8. Waveform correction circuitry comprising A. input means for receiving input video signals each subject to inclusion of an undesirable shading component;

B. first circuit means for extracting any low frequency components of said video signals for deriving corrective waveforms;

C. second circuit means for applying said corrective waveforms to said video signals fro reducing said shading component, and including i. means for subtracting a corrective waveform from a next subsequent video signal. to provide a corrected output signal.

9. Apparatus according to claim 8 which additionally includes A. means for amplifying said corrected output signal as a function of said corrective waveform.

l0. Waveform correction circuitry comprising A. input means for receiving input video signals each subject to inclusion of an undesirable shading component:

B. first circuit means for extracting any low frequency components of said video signals for deriving corrective waveforms;

C. second circuit means for applying said corrective waveforms to said video signals for reducing said shading component and including.

i. means for subtracting a corrective waveform from the video signal from which it was derived. to provide. a corrected output signal; and

ii. means for amplifying said corrected output signal as a function of said corrective waveform.

ll. Waveform correction circuitry comprising A. input means for receiving input video signals each subject to inclusion of an undesirable shading component;

B. first circuit means for extracting any low frequency components of said video signals for deriving corrective waveforms. and including i. means for removing the synchronizing and blanking pulses from an input video signal to provide a stripped video signal.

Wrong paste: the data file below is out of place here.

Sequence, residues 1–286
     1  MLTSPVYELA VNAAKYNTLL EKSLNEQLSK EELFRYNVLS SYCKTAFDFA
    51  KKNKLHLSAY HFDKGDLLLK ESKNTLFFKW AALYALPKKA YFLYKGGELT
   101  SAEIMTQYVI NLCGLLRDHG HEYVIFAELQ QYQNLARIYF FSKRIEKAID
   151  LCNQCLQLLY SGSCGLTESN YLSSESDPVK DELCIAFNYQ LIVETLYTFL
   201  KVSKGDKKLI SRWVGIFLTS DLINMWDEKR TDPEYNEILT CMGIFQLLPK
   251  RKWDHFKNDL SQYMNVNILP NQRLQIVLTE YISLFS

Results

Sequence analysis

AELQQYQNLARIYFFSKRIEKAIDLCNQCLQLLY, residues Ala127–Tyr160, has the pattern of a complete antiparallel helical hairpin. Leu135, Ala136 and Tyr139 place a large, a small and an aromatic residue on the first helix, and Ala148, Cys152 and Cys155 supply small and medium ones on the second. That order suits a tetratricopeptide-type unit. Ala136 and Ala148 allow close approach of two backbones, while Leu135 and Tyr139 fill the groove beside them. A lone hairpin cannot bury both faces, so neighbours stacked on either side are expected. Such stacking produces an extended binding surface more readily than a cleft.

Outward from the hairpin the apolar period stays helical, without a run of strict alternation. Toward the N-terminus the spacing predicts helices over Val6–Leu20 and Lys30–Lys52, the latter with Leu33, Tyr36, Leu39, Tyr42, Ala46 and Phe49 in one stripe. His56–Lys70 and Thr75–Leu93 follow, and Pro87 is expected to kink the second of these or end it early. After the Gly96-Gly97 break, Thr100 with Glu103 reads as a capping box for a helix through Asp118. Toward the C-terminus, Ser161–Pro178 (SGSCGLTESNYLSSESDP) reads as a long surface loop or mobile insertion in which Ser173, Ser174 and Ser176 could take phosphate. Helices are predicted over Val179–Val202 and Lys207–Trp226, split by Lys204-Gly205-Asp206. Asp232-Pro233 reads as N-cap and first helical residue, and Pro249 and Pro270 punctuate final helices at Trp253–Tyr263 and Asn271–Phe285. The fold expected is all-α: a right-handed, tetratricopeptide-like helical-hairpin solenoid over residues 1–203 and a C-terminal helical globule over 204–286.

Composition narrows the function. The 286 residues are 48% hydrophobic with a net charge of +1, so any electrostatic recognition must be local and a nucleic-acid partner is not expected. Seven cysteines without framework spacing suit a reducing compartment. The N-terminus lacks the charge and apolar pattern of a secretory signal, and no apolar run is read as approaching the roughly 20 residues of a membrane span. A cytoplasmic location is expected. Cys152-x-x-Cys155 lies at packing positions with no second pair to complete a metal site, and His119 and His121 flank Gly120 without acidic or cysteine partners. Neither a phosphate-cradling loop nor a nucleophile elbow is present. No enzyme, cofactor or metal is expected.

ii. filter means for passing only the low frequency components of said stripped video signal.

iii. delay means for delaying said filtered signal; and

C. second circuit means for applying said corrective waveforms to said video signals for reducing said shading component, and including i. a difference amplifier connected to receive an input video signal and the output of said delay means for providing a resultant corrected signal,

ii. means for processing said corrected signal to provide a video signal for display.

12. Apparatus according to claim 11 wherein A. the time delay imposed by said delay means is one TV line time.

Patent Citations
Cited PatentFiling datePublication dateApplicantTitle
US3780215 *Nov 17, 1970Dec 18, 1973Hitachi LtdCircuit for compensating sharpness of picture in color television receiver
Referenced by
Citing PatentFiling datePublication dateApplicantTitle
US4032974 *Oct 20, 1975Jun 28, 1977North American Philips CorporationVideo processing circuit
US4151551 *Aug 4, 1976Apr 24, 1979Tektronix, Inc.Programmable color enable and sequencing system for secam
US4193093 *Aug 3, 1978Mar 11, 1980The United States Of America As Represented By The Secretary Of The NavyCCD camera interface circuit
US4496982 *May 27, 1982Jan 29, 1985Rca CorporationCompensation against field shading in video from field-transfer CCD imagers
US4586770 *May 14, 1984May 6, 1986Poulin Fernand HElectrical receptacle
US4784611 *Aug 18, 1987Nov 15, 1988Poulin Fernand HLocking plug
US5001768 *Jul 30, 1990Mar 19, 1991Canon Kabushiki KaishaImage reading apparatus
Classifications
U.S. Classification348/615, 348/622, 348/E05.78
International ClassificationH04N5/217
Cooperative ClassificationH04N5/217
European ClassificationH04N5/217